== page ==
Raleigh Now Spotlight: Atlantic Beach July 4th Parade

Raleigh at the beach
Atlantic Beach Fourth of July Parade

story and photo by Matt Lail

 Every Fourth of July, as it has for some 40 years, a half-mile stretch of a residential street in Atlantic Beach becomes the site of a patriotic parade founded by – and filled with – Raleighites. A couple hundred folks enjoy a late-afternoon stroll from one end of the street to the other. Parents pull little tykes behind in Radio Flyers. Older kids pedal their bikes. And folks young and old – decked out in red, white, and blue – wave to onlookers and offer up a “God bless America!”

Much has changed in Atlantic Beach (and the rest of the world) in the years since the first Fourth of July parade took place on Club Colony Drive. The old bridge spanning from Morehead City to the island where Atlantic Beach sits was replaced years ago. The Circle – a circuitous roadway at the heart of the town – evolved from a quintessential beach neighborhood to a popular (if sometimes seedy) cruising spot, and is now the home of hip restaurants. Homegrown favorites Bert’s Surf Shop and Atlantic Beach Surf Shop are still there, but so are the ubiquitous Wings franchises. Many of Atlantic Beach’s old cottages are long gone, replaced with condominiums or luxury homes.

But Atlantic Beach is still filled with folks from Raleigh, and the Club Colony Drive Fourth of July parade remains the same – only bigger.

The late Robert “Doc” Procter, a Raleigh resident, was one of the parade’s many founding fathers. “It was small – just our little community,” recalls his daughter, Becky Procter. “In the first parade, there might have been 20 or 30 people there.”

“Doc” Procter proudly served as an Atlantic Beach reserve police officer for 20 years and as chair of the Atlantic Beach Town Planning Board, even while he lived the rest of the year in Raleigh. His commitment to the town had many convinced he was, in fact, mayor of Atlantic Beach. He helped get the Atlantic Beach police and fire departments to participate in the parade, and today, a siren-wailing Atlantic Beach fire engine remains the parade’s highlight.

Another Raleighite, Clyde Bailey, has served as the unofficial Grand Marshal of the parade in recent years. Decked out in an Uncle Sam suit, Bailey climbs into the back of a white Jeep Wrangler (festooned in red, white, and blue decor), and brings up the rear of the procession, typically accompanied by family and friends.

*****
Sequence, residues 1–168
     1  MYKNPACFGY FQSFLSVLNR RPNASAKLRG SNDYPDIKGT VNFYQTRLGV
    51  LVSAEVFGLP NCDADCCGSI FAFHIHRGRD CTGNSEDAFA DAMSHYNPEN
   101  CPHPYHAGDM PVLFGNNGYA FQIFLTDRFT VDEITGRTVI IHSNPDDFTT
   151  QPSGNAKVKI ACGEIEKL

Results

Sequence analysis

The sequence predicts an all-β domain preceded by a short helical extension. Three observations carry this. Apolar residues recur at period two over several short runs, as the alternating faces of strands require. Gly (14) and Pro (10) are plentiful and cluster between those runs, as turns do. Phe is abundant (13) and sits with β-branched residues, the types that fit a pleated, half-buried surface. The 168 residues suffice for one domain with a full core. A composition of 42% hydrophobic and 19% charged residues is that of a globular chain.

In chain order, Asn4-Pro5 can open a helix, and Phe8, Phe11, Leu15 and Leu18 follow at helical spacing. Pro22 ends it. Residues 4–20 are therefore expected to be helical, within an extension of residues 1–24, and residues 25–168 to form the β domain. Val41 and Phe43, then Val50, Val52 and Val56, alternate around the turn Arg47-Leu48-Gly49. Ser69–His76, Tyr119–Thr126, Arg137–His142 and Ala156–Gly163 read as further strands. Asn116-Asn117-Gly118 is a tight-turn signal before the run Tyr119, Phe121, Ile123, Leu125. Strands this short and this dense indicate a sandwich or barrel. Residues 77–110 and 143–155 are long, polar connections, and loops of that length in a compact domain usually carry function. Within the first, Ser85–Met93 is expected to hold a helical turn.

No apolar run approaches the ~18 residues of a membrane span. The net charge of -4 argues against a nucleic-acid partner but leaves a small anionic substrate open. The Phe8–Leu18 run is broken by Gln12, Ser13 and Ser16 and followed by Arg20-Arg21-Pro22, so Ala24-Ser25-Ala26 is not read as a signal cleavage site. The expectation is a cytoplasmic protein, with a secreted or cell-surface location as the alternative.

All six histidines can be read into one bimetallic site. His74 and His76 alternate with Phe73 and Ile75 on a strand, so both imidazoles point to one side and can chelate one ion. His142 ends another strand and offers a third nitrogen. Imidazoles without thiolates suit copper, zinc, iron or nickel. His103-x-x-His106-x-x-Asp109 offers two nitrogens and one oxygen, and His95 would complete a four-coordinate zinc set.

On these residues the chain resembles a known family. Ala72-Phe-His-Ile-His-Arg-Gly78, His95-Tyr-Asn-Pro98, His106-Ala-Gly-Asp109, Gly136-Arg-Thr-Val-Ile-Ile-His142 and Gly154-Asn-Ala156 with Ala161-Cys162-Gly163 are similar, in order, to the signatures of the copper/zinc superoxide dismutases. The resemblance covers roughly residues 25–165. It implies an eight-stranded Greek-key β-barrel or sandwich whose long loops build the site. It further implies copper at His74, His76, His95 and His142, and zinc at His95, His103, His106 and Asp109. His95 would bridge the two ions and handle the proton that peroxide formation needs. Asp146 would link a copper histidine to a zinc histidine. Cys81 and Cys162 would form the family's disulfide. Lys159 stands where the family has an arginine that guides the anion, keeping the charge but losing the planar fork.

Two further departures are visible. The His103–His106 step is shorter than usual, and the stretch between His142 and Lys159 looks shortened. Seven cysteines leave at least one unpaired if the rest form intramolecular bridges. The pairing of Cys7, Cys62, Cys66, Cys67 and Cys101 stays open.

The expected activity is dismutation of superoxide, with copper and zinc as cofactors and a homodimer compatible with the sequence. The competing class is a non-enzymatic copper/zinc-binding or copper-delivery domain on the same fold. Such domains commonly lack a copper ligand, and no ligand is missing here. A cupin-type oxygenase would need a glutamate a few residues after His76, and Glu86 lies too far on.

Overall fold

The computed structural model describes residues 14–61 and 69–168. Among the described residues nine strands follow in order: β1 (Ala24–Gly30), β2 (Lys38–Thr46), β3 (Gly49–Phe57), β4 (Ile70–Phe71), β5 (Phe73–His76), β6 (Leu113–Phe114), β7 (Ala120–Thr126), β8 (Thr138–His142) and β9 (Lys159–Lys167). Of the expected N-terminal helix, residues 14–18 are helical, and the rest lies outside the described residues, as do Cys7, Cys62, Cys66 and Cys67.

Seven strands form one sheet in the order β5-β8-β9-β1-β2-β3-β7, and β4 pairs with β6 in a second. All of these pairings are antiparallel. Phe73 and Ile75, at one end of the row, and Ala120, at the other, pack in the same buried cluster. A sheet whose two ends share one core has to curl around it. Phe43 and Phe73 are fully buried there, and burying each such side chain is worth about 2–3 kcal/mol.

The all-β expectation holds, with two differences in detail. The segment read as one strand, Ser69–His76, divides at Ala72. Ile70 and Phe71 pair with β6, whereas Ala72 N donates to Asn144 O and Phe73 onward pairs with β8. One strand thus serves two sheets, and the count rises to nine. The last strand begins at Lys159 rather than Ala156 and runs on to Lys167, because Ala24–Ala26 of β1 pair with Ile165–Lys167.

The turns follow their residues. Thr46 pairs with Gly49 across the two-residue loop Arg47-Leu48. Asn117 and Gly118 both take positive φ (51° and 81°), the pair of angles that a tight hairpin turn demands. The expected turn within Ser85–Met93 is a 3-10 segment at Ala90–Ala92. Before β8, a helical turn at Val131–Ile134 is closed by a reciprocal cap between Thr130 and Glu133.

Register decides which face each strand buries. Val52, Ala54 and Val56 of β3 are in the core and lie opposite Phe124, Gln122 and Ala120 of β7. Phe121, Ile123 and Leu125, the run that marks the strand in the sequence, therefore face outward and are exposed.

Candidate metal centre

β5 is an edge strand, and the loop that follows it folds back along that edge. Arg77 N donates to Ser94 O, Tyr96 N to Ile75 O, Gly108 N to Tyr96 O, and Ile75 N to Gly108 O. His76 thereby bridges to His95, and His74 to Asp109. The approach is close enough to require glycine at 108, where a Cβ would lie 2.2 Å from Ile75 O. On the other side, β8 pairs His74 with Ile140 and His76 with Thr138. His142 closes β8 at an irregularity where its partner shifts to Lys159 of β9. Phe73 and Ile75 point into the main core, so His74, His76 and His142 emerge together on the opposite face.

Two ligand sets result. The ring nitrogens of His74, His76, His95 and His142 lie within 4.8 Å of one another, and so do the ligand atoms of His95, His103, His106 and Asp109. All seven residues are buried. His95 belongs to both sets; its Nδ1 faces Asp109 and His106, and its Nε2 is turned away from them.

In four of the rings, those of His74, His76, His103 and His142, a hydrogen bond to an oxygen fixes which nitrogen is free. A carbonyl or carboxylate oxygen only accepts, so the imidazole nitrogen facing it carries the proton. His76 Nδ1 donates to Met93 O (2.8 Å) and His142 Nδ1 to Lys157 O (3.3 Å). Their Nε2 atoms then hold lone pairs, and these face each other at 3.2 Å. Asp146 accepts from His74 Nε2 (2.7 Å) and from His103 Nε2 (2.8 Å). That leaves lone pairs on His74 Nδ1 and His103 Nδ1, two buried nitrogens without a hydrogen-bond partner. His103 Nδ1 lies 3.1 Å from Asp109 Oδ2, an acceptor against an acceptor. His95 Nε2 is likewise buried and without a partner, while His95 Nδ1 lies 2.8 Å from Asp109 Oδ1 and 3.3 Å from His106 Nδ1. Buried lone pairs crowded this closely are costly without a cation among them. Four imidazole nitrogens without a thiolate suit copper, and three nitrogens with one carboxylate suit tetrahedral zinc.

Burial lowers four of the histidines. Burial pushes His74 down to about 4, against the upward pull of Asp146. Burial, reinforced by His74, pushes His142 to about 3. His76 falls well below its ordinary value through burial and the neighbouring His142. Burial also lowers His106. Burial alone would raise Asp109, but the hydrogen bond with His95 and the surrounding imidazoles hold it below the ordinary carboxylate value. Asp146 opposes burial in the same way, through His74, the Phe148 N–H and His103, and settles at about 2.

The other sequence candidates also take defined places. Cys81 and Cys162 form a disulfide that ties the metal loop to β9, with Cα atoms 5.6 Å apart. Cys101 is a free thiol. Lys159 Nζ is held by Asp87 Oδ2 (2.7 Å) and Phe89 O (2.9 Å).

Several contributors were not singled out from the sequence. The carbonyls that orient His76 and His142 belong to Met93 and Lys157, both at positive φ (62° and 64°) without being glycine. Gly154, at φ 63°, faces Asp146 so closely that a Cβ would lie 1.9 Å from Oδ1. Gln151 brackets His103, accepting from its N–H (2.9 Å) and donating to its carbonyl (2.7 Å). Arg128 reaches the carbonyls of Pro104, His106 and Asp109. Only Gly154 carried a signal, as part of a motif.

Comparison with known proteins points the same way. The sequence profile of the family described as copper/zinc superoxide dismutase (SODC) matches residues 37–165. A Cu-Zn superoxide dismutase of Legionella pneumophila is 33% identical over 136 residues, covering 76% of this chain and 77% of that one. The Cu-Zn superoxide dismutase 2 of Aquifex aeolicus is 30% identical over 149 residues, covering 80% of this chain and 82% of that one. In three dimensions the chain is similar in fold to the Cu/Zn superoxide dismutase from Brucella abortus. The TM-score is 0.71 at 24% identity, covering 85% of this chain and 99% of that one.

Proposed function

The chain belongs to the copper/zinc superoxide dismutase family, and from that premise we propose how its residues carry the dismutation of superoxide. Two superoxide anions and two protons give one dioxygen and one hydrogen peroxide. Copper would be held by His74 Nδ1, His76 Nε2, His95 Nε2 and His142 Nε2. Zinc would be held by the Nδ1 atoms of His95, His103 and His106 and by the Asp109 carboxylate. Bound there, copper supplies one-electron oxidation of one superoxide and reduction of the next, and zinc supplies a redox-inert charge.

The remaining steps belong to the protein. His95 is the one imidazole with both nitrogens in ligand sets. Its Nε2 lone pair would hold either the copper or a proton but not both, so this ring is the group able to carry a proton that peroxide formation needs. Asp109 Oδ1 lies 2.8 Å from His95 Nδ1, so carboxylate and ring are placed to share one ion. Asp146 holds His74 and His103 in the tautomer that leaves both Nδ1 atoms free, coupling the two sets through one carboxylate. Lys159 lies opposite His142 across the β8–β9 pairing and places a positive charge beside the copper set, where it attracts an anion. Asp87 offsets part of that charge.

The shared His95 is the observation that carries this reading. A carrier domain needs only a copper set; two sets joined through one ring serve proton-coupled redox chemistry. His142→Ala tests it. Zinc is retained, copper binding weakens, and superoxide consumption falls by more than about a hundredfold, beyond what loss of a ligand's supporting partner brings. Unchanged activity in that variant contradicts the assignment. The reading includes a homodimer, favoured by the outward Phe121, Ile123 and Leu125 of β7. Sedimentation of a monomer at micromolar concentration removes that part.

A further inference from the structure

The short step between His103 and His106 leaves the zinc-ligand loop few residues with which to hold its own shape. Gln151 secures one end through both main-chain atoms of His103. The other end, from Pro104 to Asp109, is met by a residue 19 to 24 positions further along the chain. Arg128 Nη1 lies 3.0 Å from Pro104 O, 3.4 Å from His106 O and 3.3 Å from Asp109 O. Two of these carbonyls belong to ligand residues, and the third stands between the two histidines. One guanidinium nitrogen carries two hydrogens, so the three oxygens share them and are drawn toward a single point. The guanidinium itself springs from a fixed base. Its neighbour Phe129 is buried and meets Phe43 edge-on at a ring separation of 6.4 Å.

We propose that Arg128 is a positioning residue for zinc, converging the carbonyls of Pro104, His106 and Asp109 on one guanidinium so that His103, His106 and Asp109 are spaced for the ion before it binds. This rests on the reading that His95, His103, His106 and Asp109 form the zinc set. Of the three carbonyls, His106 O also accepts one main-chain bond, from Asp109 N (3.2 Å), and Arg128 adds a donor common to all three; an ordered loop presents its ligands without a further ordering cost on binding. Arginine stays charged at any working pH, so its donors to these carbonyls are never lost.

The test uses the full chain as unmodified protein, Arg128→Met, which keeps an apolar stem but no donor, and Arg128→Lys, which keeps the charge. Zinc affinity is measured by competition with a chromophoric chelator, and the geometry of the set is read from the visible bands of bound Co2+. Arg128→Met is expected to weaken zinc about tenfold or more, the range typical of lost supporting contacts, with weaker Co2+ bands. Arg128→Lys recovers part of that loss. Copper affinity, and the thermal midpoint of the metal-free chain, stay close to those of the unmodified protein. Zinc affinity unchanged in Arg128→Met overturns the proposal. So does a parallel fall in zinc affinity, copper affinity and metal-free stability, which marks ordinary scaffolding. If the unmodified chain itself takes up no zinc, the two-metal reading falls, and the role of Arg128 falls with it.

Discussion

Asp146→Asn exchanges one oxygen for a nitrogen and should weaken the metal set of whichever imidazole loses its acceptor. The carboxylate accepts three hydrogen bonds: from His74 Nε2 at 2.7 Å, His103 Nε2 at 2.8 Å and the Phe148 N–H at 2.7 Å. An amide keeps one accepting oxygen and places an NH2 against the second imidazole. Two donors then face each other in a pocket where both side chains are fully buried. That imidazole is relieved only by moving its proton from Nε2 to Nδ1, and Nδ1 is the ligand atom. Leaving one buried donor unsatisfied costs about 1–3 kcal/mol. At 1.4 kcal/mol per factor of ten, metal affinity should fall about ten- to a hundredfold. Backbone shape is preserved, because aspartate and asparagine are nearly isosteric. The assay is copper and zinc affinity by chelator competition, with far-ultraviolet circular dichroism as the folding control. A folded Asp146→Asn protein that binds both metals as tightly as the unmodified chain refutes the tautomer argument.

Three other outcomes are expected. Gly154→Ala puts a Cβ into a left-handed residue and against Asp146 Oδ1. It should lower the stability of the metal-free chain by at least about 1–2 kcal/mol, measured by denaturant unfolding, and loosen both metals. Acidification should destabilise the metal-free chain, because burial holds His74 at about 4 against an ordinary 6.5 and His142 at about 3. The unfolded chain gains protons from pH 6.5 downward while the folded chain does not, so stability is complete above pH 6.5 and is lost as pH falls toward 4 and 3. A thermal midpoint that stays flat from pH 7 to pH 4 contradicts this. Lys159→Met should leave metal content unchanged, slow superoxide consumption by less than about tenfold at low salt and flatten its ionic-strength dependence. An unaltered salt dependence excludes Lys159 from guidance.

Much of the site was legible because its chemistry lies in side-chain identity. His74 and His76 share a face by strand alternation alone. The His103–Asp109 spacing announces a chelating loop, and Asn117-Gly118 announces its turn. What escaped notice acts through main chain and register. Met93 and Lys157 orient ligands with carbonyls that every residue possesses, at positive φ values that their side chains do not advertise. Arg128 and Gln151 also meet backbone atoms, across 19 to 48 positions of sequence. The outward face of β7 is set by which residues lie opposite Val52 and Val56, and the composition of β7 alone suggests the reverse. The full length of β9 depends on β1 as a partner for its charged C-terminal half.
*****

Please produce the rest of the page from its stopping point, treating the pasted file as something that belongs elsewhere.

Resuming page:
And though the parade has grown, it’s also the same as it ever was: still an opportunity for folks in a community they hold dear to take a stroll down the street and celebrate our nation’s independence all at the same time. Parents still pull their little ones in wagons. Children still ride their bikes. Entrepreneurial young folks sell homemade brownies, Rice Krispies Treats, and lemonade from homemade driveway stands. Some adults beat the intense summertime heat with a beverage – in a red cup, of course. Paradegoers toss out candy to spectators. (Though, truth be told, just about everyone is in the parade; forgotten or overlooked Jolly Ranchers and Tootsie Rolls can often be found in the street hours later.)

When the parade is over, Bailey hops down from the Jeep, takes off the hat, and heads inside, where the celebrations continue into the evening. As the sun sets behind Beaufort, the fireworks begin up from Fort Macon to Emerald Isle. Bottle rockets scream along the sand. The strong ocean breezes send puffs of smoke whirling about.

And as they celebrate their nation and community together the same way they’ve been doing for decades, folks know there’s something unusually reassuring in the notion that this simple, homespun ritual will continue in years to come.

“I can still picture some of the older folks cheering from their balconies,” says Becky Procter. “It’s beautiful to see the Club Colony Fourth of July parade still going year after year. And I truly believe this year Dad will be looking down and enjoying the parade once again.”